BofA, Barclays Win Narrowing of 27 Libor-Rigging Lawsuits

A U.S. judge threw out a raft of claims against banks accused by investors of manipulating the London interbank offered rate, or Libor, which they said led to losses on transactions tied to the benchmark.

U.S. District Judge Naomi Reice Buchwald in Manhattan ruled Tuesday that some claims were filed too late and that the court lacked jurisdiction over some defendants. She allowed local governments, hedge funds and other investors to pursue fraud claims. None of the cases was dismissed entirely.

Libor is a benchmark used to value more than $350 trillion of loans and securities globally. Bank of America Corp., Mitsubishi UFJ Financial Group Inc., Barclays Plc and Citigroup Inc. are among the banks accused in 27 lawsuits of rigging the rates for their benefit and at the expense of investors. Buchwald is overseeing all such cases in the U.S.

The investors alleged the banks reported rates below their true borrowing costs beginning in August 2007. As a result, investors and speculators in loans and securities with floating rates were harmed, they said.

In a series of earlier rulings, Buchwald ruled on claims by class-action plaintiffs and affiliates of Charles Schwab Corp., determining they were “wholly or substantially deficient.” The judge blocked the plaintiffs in those cases from suing under a civil racketeering statute and antitrust statutes that carry the possibility of triple damages.

Buchwald said traders in exchange-based securities and over-the-counter securities could pursue their claims.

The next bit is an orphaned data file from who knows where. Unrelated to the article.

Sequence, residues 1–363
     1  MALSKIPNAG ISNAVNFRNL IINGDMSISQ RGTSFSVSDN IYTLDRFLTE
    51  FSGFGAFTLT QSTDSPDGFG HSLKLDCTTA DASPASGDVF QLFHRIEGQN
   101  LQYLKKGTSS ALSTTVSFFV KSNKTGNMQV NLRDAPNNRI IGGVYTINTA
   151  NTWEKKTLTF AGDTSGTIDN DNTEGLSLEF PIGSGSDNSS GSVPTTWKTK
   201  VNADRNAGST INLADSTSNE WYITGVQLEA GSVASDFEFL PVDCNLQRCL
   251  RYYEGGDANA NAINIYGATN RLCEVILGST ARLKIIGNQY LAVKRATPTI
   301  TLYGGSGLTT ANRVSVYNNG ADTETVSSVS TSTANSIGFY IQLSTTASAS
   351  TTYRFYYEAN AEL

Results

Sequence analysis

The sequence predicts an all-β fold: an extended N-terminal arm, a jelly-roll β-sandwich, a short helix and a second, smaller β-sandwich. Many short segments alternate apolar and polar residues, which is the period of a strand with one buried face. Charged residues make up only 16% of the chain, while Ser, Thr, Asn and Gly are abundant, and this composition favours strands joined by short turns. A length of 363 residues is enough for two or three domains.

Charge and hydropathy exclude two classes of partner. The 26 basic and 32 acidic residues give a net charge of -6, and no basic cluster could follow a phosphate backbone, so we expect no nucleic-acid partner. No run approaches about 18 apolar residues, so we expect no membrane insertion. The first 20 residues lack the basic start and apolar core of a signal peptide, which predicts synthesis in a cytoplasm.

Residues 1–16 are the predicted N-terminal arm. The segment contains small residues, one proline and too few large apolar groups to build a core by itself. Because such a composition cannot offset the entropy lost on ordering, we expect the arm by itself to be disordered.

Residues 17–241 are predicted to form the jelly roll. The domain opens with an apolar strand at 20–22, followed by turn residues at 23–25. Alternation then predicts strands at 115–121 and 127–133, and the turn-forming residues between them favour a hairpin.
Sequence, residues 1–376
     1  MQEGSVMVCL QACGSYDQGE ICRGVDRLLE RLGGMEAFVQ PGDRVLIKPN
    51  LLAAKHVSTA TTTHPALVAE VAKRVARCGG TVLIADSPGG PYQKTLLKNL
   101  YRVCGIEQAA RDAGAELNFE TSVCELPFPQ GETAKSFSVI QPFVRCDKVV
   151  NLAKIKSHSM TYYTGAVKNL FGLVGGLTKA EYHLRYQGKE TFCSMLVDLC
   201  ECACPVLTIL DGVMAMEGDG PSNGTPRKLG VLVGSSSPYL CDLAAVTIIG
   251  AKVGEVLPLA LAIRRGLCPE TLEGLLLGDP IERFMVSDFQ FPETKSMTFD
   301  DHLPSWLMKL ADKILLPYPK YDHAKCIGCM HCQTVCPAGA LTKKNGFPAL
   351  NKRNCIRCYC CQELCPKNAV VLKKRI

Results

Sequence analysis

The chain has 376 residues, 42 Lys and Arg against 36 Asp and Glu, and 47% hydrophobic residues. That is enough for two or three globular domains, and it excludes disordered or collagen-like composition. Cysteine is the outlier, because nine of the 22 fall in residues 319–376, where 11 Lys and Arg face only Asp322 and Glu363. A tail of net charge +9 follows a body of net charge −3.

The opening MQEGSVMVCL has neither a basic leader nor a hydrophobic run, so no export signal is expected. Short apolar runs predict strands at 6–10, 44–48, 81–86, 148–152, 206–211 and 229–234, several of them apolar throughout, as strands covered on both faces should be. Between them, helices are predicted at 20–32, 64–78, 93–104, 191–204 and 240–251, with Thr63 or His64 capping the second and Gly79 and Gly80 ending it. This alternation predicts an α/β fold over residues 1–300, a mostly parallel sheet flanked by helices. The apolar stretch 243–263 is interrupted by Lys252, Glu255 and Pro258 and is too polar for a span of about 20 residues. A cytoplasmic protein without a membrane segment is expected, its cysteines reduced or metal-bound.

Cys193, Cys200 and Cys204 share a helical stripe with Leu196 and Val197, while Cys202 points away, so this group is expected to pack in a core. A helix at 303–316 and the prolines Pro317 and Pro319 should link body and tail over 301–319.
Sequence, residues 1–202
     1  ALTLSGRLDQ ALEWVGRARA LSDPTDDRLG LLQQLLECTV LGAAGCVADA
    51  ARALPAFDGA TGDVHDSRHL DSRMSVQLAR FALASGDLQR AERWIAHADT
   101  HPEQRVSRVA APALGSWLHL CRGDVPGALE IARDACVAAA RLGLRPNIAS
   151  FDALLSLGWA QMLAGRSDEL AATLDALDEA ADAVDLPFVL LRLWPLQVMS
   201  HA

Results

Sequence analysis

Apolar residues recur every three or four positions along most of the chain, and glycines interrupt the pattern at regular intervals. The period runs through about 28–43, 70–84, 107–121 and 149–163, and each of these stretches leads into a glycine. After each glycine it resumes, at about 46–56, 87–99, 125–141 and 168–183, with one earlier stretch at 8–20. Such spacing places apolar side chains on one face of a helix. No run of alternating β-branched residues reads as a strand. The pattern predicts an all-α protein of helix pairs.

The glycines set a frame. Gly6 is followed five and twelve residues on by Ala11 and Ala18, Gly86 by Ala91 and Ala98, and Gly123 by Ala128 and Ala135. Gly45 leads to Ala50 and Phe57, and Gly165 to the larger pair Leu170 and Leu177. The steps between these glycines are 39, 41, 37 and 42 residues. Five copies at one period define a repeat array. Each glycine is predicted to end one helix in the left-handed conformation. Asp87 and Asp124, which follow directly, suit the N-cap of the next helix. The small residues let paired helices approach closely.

27 Cases

The claimants in the 27 cases affected by Tuesday’s ruling are individuals and firms that sued on their own, rather than seeking to combine their suits with others in class actions. They include the cities of Houston and Philadelphia, Salix Capital Ltd., the National Credit Union Administration Board and the Regents of the University of California.

Global authorities have investigated allegations that more than a dozen banks altered submissions used to set benchmarks such as Libor to profit from bets on interest-rate derivatives or make the lenders’ finances appear healthier.

Former UBS Group AG and Citigroup Inc. trader Tom Hayes was found guilty by a London jury on Monday of eight counts of conspiracy for scheming to rig the yen Libor rate. Hayes, the first person to be tried on charges of manipulating the benchmark, was sentenced to 14 years in prison.

The case is In re Libor-Based Financial Instruments Antitrust Litigation, 1:11-md-02262, U.S. District Court, Southern District of New York (Manhattan).

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